[R] can I call user-created functions without source() ?

Joerg van den Hoff j.van_den_hoff at fz-rossendorf.de
Mon Jun 19 17:30:27 CEST 2006

Duncan Murdoch wrote:
> On 6/19/2006 10:19 AM, Joerg van den Hoff wrote:
>> Duncan Murdoch wrote:
>>> Just a few comments below on alternative ways to do the same things:
>>> On 6/19/2006 8:19 AM, Joerg van den Hoff wrote:
>>>> for short term usage of some specialized functions I have added some 
>>>> lines to the `.Rprofile' in my home(!) directory as follows 
>>>> (probably there are smarter solutions, but at least it works):
>>>> #source some temporary useful functions:
>>>> fl <- dir(path='~/rfiles/current',patt='.*\\.R$',full.names=TRUE)
>>>> for (i in fl) {cat(paste('source("',i,'")\n',sep="")); source(i)}
>>>> rm(i,fl)
>>> Another way to do this without worrying about overwriting some 
>>> existing variables is
>>> local({
>>> fl <- ...
>>> for (i in fl) ...
>>> })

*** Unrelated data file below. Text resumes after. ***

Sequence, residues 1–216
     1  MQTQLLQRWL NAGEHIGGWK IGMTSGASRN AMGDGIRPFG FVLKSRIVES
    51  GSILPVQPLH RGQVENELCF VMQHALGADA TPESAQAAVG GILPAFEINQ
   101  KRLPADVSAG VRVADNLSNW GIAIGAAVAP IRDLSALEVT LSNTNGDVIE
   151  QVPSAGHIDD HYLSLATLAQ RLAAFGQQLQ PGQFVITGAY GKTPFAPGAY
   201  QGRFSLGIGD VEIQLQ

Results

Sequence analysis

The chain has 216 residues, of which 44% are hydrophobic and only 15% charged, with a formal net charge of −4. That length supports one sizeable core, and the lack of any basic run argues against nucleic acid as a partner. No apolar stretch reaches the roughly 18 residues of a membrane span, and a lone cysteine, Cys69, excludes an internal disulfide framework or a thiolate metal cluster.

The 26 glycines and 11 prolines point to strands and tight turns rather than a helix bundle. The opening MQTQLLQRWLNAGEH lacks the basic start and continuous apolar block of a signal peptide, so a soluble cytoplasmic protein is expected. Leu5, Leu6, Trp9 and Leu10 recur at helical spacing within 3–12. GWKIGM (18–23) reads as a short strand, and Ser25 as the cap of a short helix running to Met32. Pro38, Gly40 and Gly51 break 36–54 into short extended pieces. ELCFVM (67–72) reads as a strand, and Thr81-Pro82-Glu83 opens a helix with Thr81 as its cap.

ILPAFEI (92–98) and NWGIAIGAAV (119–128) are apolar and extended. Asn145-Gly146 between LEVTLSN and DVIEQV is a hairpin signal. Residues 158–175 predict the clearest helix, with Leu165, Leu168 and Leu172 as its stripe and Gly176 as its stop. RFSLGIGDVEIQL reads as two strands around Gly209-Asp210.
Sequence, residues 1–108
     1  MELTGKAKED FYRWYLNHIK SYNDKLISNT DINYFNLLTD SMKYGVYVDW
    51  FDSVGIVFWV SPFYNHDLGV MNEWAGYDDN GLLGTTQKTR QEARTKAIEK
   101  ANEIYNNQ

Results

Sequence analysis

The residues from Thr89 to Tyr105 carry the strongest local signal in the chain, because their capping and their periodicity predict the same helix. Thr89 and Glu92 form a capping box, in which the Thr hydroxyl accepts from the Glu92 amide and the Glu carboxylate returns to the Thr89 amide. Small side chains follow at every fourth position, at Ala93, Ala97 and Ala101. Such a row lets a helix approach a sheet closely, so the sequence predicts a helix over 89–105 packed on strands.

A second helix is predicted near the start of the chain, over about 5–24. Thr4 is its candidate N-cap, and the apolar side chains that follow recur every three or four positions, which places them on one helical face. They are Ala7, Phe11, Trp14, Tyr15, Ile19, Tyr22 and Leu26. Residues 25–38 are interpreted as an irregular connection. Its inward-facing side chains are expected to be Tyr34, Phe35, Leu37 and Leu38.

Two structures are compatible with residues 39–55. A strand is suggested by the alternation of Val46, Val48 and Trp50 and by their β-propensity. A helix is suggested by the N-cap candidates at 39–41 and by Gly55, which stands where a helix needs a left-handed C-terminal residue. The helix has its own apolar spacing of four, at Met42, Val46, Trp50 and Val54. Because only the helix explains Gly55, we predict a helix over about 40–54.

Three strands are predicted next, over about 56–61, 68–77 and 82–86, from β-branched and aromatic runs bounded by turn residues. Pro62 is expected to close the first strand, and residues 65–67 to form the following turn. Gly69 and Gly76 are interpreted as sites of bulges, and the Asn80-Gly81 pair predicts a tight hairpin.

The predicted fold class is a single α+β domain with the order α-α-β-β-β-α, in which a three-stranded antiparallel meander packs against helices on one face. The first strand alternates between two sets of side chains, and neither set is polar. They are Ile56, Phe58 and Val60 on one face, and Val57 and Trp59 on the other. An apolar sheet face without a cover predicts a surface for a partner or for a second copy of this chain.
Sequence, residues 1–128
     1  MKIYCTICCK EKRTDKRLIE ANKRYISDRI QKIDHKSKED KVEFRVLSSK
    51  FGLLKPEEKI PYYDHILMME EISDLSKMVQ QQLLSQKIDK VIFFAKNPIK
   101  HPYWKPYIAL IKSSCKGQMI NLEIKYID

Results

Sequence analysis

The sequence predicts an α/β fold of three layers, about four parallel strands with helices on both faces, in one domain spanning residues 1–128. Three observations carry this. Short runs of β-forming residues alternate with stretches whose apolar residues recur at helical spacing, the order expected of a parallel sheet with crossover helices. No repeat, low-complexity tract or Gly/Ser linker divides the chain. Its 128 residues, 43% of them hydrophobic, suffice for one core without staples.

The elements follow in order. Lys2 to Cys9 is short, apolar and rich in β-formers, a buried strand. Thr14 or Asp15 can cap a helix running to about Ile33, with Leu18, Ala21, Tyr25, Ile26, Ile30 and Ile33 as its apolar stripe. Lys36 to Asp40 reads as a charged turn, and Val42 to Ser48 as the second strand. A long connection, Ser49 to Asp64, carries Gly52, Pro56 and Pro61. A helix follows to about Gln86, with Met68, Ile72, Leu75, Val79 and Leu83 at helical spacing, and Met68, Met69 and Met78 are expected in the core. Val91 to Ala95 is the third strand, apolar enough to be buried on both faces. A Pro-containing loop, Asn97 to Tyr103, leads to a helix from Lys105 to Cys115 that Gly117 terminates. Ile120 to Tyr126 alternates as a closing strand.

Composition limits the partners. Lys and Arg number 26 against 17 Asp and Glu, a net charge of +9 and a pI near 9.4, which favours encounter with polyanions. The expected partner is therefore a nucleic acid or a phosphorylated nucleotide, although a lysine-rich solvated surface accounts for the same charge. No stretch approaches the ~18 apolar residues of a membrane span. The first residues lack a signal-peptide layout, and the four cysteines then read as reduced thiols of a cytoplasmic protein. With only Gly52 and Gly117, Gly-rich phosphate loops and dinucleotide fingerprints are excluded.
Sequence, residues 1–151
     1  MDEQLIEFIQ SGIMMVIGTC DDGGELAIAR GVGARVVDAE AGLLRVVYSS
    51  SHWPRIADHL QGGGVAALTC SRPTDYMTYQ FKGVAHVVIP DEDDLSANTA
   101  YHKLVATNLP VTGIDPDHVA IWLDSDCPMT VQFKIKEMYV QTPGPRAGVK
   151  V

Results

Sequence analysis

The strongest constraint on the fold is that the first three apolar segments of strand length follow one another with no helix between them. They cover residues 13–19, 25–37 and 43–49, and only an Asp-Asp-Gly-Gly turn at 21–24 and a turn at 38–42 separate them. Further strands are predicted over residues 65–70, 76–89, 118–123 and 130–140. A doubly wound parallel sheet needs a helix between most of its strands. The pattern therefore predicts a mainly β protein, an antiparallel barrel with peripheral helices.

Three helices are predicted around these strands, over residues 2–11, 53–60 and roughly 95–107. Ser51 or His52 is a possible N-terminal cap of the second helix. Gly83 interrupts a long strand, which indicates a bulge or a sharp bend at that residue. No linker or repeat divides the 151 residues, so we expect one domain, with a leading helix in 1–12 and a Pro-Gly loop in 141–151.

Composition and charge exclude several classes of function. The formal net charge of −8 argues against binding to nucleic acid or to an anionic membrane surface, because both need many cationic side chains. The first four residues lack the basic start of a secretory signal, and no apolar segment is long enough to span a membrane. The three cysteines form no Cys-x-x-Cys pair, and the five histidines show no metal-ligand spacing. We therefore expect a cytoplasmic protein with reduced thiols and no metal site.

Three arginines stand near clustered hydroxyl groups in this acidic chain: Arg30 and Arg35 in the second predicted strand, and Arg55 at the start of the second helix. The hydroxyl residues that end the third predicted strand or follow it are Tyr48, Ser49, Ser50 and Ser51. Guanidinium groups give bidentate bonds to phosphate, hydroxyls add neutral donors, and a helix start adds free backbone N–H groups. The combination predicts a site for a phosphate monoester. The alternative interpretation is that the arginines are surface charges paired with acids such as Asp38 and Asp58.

>>> No need to remove fl and i at the end; they were created in a 
>>> temporary environment, which was deleted at the end.
>> sure, that's better (just one more case, where I did'nt know of the 
>> existence of a certain function). but what is the difference (with 
>> regards to scope) of `i' or `fl' and the functions defined via 
>> sourcing? are'nt both objects defined within `local'? why _are_ the 
>> functions visible in the workspace? probably I again don't understand 
>> the `eval'/environment intricacies.
> Whoops, sorry.  Yes, you'd need to be careful to assign them into 
> globalenv().  Those ...'s weren't so simple.
no, no, you _were_ right (I tested it), but I did'nt understand why it 
works. I found the answer only now in the `source' manpage: there is an 
argument `local = FALSE' which by default enforces assignment into 
globalenv(). so the `...' remain unaltered :-). sorry for the confusion.


PS: and as a follow up on the recent 'setwd vs. cd' thread: as I noted 
in passing `source' has a further argument `chdir' to change the 
directory prior to sourcing, which is neither the usual name (using 
`cd') nor the R-way (using `setwd'), but rather identical to the 
corresponding native matlab/octave command (both of these packages have 
for quite some time changed to accepting `cd' as well). of course, the 
`source' arguments have nothing to do with the commands but consistency 
would'nt harm either :-). not important, but a bit funny.

> Duncan Murdoch

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